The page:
And I get it. I argued with everyone — doctors, nurses, my daughter, anyone who would listen — that I was fine and did not have a stroke. It’s deceptive. It takes someone to intervene.
The tiredness was what most marked my early symptoms. Yes, my right hand suddenly began typing nonsense. It was tingling and eventually non-responsive. But all I could think about was laying down. It was sudden, like something broke. I was very, very tired. Unnaturally.
But, I thought I was going to be fine. Just sleep.
Fortunately, my daughter intervened. She called 911. The ambulance came. And they hauled me off.
So, why do I tell you this? In the hope that you’ll learn from my mistakes. I hope that I have. But, it’s important that those who know you well recognize when something goes wrong. Time is of the essence.
I’m very fortunate. Many things could have gone horribly wrong. But, they didn’t. Everyday I get something back. My occupational therapist said good-bye for the last time yesterday. My nurse and physical therapist said it would only be another week or so before they would discharge me.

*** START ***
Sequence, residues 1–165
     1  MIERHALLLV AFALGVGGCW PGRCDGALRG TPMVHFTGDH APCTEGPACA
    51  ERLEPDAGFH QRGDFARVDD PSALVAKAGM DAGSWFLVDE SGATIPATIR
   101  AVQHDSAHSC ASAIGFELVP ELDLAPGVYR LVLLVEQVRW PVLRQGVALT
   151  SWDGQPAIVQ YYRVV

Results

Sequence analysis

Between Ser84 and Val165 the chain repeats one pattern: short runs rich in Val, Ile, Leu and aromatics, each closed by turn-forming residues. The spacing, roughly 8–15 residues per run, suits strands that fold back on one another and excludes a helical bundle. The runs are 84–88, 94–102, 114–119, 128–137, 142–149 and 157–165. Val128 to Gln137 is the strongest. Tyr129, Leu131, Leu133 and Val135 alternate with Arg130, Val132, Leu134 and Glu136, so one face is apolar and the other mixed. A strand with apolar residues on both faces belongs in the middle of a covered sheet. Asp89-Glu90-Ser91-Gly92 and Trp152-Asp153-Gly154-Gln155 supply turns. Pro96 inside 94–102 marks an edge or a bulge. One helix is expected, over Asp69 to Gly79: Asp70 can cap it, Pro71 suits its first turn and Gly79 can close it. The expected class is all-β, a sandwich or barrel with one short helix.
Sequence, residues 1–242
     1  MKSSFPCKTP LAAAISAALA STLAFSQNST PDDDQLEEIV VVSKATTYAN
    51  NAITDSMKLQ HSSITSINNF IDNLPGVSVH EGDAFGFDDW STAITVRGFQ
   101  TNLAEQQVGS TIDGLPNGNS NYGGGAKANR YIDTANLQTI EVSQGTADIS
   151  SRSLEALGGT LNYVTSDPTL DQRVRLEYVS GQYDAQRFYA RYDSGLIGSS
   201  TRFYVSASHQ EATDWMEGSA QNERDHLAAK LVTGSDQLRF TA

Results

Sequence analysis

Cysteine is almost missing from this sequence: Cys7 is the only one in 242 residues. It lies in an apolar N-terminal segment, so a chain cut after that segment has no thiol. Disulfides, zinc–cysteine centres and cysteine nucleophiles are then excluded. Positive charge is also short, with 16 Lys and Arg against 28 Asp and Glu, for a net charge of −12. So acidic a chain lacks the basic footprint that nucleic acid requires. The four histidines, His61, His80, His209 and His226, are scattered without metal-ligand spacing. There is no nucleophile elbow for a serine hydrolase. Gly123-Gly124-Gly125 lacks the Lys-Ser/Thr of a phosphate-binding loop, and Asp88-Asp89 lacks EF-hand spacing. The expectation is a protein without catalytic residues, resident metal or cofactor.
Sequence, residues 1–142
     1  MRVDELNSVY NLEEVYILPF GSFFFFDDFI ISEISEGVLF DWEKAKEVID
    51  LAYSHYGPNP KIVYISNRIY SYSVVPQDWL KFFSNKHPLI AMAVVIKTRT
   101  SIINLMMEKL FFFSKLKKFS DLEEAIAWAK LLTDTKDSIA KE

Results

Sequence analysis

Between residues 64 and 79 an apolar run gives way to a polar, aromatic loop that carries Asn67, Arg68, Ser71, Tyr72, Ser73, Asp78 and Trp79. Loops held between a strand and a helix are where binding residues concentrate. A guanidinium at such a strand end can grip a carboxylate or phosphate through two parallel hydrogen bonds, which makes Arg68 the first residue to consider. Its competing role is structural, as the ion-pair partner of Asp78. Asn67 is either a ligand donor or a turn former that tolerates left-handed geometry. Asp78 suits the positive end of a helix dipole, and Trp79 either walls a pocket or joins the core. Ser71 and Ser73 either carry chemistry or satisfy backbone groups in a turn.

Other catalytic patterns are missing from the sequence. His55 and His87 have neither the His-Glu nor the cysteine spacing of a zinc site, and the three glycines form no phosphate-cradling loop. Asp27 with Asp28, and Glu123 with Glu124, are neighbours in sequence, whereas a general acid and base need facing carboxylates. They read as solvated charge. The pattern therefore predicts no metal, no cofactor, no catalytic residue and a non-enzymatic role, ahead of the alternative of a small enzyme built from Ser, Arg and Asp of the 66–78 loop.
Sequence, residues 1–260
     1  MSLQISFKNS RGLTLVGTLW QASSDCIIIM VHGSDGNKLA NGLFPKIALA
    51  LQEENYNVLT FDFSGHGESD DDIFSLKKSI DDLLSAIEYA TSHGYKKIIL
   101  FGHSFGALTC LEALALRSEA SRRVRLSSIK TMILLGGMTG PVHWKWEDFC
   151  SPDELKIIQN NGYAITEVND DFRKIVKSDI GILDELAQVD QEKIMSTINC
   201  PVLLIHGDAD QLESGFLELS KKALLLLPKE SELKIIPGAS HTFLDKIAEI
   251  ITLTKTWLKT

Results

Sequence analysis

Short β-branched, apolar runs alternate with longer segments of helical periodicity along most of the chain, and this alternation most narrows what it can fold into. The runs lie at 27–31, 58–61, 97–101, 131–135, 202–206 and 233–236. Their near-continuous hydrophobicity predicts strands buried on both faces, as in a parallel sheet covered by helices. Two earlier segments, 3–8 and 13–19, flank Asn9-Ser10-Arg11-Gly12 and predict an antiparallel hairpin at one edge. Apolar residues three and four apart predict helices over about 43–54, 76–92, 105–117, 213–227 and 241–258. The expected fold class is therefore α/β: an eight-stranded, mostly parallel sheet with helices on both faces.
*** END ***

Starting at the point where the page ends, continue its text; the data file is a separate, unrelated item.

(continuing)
And I’m fine. I mean it. I’m better.
I’m realizing that other people don’t see it like I do. I recognize my own deficiencies. I process differently. It’s slower. How I search for words is different. And I think people notice it. But, my physical therapist said yesterday that, unless he was looking at a medical report, he wouldn’t believe I had a stroke just six weeks ago.
But, I know it. I can feel it. I am aware of it. And I don’t want to do it again.
God is good. Not because He has lifted me up, but because He is. I am grateful for every little thing. Balance, walking, talking, my right hand doing stuff … everything. Fearfully and wonderfully made, said David. And I believe him.
Bit by bit, I’m learning to accept my new process. And it will get quicker with time. Keep working. Keep exercising. Keep believing.
But, most of all, I’m just grateful.
Here are the audio files and notes from this year’s Embracing the Truth Conference lecture series on the topic: Jesus as Judge.